You will at least meet one Bengali in your life time who will tell you about his utter disappointment at being served fried fish on ordering for fish fry, while travelling outside the state. To a Bengali, especially the Kolkata-bred, fish fry is almost sacred, strong emotions are attached to this crumb-coated, deep-fried fillet of pure Calcutta bekti, a Bengali version of the English batter-fried fish. They also have something closer to the original fish and chips – it is called butter (batter, actually) fry.
Fish fry is essentially made of Calcutta bhetki (bekti). crumb fried basa, does not, (must not) qualify as fish fry. Not even Bombai (Bombay) bhetki would do. And, it should be accompanied with the obligatory kasundi, the potent mustard relish Bengalis are proud of. Ketchup is not enough. And, the thickness of the fillet is not to be trifled with.
In recent years, numerous new eateries have cropped up here, the best fish fries are still available at old cafés and cabins and hole-in-the-wall eateries. Here are a few favourites.
South Kolkata favourites
Apanjan – This nondescript hole-in-the-wall take-away joint, tucked in an equally unremarkable lane in South Kolkata’s Kalighat area, is easy to miss, if not for the throng of eager patrons outside. They have an array of crumb-fried delights on offer, but their fish fry steals the show. Shaped into almost perfect rectangles, it is a chunky fillet of fresh Calcutta bekti, deliciously juicy and flaky, in a crisp, spiced crust of breadcrumbs. They have a regular and special (thicker fillet) variety.
Campari – For the typical South Kolkata Bengali a shopping spree in Gariahat (the busiest shopping district this part if the town), is incomplete without a quick bite at Campari on Dover Lane. Their chicken cutlets and kathi rolls have their fans, but Campari makes an equally delicious fish fry with pure bekti, deliciously fresh – easily one of the best in the city.
Bijoli Grill – Bijoli Grill in Bhowanipore (they have other branches too) is easily one of the best known eateries in South Kolkata and it is their crumb and batter fried fish delicacies that they are famous for. The popularity of their fish fry rides on the quality of the fish they offer. However, while their fish fry has hordes of fans, there are many who argue that the fish roll is even better.
Sankar’s Fry – Be prepared to be jostled about, because things tend to get a little chaotic outside this small chop-cutlet stall near Triangular Park in Gariahat. The chief draw at Sankar’s, the fish fry comes with a thin crust (unlike other places where the crust is thick and spicy), so the focus remains on the thick fillet of Calcutta Bhetki inside.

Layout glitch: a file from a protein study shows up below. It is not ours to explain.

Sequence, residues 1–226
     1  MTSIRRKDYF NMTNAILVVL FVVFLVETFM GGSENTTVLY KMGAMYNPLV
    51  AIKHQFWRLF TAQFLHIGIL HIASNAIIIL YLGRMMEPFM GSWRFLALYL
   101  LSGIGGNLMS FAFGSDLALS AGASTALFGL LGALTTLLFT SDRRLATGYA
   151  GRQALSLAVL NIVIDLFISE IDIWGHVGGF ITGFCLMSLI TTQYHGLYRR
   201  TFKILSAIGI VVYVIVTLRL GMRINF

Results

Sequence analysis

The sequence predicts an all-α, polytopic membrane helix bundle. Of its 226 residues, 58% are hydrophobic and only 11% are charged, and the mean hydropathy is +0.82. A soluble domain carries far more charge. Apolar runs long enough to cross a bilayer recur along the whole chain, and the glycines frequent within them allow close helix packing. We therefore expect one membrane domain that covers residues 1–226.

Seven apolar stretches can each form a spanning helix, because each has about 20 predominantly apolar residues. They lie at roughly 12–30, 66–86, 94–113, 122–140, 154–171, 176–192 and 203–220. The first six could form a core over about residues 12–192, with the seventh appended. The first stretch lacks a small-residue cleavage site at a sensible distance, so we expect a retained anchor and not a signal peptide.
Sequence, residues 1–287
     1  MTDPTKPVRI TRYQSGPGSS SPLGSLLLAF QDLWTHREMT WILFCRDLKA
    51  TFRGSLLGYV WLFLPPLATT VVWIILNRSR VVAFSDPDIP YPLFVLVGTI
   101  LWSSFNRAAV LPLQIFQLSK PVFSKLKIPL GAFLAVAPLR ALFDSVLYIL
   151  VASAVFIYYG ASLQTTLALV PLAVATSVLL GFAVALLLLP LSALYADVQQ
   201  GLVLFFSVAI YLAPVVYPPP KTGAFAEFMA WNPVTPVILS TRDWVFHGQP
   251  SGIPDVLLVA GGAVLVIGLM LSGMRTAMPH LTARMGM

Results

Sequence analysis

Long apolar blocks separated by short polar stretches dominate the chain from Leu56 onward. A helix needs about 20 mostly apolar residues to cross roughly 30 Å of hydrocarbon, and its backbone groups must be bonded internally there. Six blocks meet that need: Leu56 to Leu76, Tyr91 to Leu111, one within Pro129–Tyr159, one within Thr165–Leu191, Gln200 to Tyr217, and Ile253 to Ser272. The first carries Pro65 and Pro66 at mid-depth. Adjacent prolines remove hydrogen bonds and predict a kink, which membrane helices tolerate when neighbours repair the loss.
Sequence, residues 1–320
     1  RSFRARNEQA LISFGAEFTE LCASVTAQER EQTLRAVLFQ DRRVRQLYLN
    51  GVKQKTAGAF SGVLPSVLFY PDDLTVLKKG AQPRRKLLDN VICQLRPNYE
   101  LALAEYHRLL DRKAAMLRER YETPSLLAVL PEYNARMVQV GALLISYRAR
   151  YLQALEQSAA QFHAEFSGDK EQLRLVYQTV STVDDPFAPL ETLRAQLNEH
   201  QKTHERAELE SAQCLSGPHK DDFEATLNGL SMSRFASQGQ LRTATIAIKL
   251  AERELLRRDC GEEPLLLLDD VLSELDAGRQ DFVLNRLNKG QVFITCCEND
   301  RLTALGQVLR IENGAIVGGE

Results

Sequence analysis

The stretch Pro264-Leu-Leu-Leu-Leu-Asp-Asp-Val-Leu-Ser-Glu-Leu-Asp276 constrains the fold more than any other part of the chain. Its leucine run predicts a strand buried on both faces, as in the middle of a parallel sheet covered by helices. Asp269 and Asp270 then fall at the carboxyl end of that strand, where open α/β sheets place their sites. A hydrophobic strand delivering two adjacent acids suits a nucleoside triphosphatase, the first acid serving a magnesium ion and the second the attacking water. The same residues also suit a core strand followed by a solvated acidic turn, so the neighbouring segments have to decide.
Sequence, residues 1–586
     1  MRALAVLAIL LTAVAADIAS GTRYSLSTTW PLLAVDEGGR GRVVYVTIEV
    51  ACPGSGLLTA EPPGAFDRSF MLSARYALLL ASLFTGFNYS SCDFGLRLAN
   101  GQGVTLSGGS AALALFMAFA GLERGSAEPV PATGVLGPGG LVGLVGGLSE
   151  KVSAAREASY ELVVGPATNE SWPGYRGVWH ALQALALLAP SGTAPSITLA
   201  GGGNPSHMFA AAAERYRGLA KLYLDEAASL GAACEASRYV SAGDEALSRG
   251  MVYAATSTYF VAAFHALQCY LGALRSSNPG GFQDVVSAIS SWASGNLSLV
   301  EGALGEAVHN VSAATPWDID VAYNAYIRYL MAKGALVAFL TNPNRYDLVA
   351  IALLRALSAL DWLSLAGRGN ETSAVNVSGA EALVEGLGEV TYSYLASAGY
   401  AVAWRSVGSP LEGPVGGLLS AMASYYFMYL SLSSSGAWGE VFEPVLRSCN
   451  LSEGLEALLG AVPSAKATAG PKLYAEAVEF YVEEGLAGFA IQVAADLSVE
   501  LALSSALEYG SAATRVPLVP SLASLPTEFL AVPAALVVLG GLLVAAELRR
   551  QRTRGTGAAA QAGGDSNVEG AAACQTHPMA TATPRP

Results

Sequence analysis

Central and North Kolkata legends
Adi Malancha – When it comes to fish fry the name Malancha strikes a special chord. Malancha in Hatibagan split into Adi Malancha and Naba Malancha, years ago, and most fans flock to Adi Malancha hoping for the good old taste of their pure bekti fries. One of the oldest eateries in the area, the fish fries here come with a very potent kasundi and a heavy dose of nostalgia. Go early in the evening, the fish fries are the first ones to go.
Mitra Café: Almost a century old, Mitra Cafe (Shovabazar) is one of Kolkata’s best known chop-cutlet joints and their fish fry is stuff of legends. The speciality of their fish fry is that they are shaped into perfect diamonds (the diamond fish fry became quite the rage in the wedding circuit and caterers across the city tried and emulated it). Spicy, with a crisp breadcrumb shell, the fish fry here is to die for.
Niranjan Agar: Not much has changed in the nine-decade-old kitchen of Niranjan Agar, another vintage North Kolkata eatery near the Girish Park Metro Station on Central Avenue. But, its shabby interiors do not come in the way of its iconic reputation. Every evening the place spills over with people feasting on their Dim’er devil and old-school fish fry with a spicy crumb coating, Niranjan Agar’s best items.
Chitto Babur Dokan: Suruchee (popular as Chitto Babu’s shop) on Dacres Lane, off Esplanade, in Central Kolkata’s business district, is famous for its chicken stew served with soft, buttered toast, particularly popular with hungry office-goers, out for lunch. But those in the know would also add a fish fry to their order, because they make remarkable ones. The quality of fish is good and the crust perfectly crisp.
So, roll up your sleeves and set out on a fish fry trail, perhaps.
An independent journalist based out of Calcutta and a dedicated food enthusiast, she writes mostly about food and travel, and has worked and written for publications India Today, The Telegraph, Live Mint as also Lonely Planet India’s website. She also loves to experiment in her kitchen and runs a food blog – allthatsdelicious.com. But mostly she eats, frets about how much she eats and then eats some more.
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